Young American activists agitated

| June 17, 2015 | 0 Comments

Young Americans are collaborating in increasing numbers to force government action on climate change.

Founder of non-profit organisation Kids vs. Global Warming, Alec Loorz, was just 17 years of age in 2011 when he challenged federal authorities to “govern as if our future matters”.

Lawsuits can drag out over many years, but Loorz’s passion only grows over time, he told Outside Magazine: “Scientists said we have 10 years to make changes if we want to stabilise the climate by 2100 – and that was back in 2005… We care more about money and power than we do about future generations. The judicial system is the only branch of government not bought out by corporate interests.”

Loorz is supported by non-profits WildEarth Guardians and Our Children’s Trust. Together, they spearheaded the iMatter legal campaign based on the public trust doctrine. Their argument is that the atmosphere is part of the public trust, and that the government has an ethical responsibility to protect it for present and future generations.

Persistence and mini-documentaries released every month to monitor the campaign have resulted in youth-led litigation in every state of the nation.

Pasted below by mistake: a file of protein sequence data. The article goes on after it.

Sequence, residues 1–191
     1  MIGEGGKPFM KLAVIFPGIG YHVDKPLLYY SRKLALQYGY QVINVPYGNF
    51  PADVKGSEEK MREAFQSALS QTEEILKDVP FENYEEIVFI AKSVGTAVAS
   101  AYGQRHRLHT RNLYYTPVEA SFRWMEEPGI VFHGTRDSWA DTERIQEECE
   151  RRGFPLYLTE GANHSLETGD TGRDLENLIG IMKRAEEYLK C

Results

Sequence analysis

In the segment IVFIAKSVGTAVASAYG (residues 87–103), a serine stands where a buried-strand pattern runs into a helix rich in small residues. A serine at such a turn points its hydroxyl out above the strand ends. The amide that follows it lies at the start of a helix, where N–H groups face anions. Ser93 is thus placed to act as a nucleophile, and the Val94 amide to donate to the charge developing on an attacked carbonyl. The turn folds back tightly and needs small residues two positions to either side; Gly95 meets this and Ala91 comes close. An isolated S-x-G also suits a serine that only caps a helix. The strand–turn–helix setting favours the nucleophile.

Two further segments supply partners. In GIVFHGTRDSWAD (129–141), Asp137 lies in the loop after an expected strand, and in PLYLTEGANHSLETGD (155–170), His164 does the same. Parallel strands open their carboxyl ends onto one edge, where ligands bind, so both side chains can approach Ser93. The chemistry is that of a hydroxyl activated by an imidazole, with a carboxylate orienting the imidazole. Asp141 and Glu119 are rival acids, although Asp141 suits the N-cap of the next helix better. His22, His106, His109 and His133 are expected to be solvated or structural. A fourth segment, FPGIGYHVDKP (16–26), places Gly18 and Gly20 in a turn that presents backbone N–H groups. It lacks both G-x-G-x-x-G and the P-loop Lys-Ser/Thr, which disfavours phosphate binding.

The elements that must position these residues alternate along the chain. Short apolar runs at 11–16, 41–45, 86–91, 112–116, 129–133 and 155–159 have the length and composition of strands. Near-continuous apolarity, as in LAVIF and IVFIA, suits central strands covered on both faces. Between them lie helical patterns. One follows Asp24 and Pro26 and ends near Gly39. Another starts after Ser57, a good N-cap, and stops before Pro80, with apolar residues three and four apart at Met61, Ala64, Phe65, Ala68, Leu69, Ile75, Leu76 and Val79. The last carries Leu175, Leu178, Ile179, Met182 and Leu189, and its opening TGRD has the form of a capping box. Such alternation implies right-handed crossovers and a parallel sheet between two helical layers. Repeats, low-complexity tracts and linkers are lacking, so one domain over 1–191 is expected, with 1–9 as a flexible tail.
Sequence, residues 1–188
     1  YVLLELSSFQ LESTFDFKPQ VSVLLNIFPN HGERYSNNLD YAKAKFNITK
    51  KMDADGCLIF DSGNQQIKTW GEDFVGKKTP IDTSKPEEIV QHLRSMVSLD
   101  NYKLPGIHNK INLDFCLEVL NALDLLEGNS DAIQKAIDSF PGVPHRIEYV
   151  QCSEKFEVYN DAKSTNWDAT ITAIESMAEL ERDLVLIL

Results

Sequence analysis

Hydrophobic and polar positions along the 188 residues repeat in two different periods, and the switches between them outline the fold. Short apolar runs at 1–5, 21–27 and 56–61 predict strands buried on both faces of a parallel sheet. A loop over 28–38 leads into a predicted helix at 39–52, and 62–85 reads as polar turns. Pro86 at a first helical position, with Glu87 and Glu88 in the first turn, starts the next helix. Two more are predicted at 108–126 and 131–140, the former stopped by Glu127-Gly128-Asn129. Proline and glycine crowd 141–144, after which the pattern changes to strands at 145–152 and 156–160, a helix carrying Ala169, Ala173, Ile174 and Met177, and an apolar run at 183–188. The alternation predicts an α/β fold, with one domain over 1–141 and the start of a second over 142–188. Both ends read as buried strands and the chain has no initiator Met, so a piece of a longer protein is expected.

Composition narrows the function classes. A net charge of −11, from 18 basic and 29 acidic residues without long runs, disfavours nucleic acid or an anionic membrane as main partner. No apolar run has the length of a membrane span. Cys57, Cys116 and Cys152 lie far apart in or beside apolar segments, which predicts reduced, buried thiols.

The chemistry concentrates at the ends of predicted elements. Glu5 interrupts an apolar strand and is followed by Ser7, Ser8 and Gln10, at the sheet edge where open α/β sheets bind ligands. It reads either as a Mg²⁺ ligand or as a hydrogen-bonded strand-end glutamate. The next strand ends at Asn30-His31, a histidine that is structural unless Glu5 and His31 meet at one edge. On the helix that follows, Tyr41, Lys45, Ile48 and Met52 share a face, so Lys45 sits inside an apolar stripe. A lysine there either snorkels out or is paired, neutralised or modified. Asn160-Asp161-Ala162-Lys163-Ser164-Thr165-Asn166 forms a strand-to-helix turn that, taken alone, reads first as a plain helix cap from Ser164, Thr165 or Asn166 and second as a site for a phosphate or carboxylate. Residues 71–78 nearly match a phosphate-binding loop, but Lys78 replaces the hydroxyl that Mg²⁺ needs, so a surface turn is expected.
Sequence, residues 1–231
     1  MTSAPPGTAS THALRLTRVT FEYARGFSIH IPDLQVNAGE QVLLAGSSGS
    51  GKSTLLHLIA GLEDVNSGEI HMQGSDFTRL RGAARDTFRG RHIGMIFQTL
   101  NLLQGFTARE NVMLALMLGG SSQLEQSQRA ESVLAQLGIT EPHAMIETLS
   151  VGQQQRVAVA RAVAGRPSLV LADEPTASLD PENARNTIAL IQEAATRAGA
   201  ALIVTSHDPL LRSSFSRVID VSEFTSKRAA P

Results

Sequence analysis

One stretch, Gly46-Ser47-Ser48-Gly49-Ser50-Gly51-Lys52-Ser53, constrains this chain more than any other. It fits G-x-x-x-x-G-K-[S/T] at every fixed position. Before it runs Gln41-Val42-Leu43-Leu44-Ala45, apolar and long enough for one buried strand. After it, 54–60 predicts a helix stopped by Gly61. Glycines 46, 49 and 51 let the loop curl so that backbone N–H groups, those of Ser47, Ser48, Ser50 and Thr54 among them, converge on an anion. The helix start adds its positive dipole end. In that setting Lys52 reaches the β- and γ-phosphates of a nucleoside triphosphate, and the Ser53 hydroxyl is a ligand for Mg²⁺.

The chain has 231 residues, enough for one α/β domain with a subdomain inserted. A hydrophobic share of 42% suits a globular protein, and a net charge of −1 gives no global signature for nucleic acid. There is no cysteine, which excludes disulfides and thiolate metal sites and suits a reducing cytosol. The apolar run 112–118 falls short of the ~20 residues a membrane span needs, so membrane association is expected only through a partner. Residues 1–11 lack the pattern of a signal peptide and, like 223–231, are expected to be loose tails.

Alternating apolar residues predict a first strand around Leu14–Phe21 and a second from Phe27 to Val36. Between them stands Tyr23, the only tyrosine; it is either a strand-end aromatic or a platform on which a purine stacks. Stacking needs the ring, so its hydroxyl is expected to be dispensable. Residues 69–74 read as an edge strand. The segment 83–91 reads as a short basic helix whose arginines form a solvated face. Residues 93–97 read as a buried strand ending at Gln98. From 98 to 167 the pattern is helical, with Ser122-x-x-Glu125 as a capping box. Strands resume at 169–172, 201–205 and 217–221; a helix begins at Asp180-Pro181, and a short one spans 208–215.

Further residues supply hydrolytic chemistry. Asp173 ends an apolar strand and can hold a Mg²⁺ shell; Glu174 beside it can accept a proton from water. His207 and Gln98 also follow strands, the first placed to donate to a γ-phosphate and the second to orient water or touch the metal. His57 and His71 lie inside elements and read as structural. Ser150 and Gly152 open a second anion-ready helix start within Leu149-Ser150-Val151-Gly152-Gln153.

The campaign originally sought to compel government to adopt a climate recovery plan by capping carbon emissions by 2012 and then reducing them by 6% a year starting in 2013, to put the US on a trajectory to reach 350 parts per million of carbon dioxide in the atmosphere by 2100. “This is the minimum that… climate scientists say we need to get to a stable climate,” says Loorz.

Things are not happening fast enough for his liking. Kids vs. Global Warming filed a Writ of Certiorari in the US Supreme Court on 3 October 2014, to confirm the federal government’s public trust obligation to protect natural resources for the benefit of future generations. Despite the fact that in December last year the Supreme Court decided not to hear the case, Loorz and his compatriots aren’t discouraged. “We’ll advance our climate claims in lower federal courts until the federal government is ordered to take immediate action on human-made climate change.”

Kelsey Juliana, one of the young plaintiffs in Oregon, says of the battle in her state, “As a youth, and therefore someone on the front lines of climate change chaos, I have everything to gain from taking action and everything to lose from not.”

Category: Winter 2015

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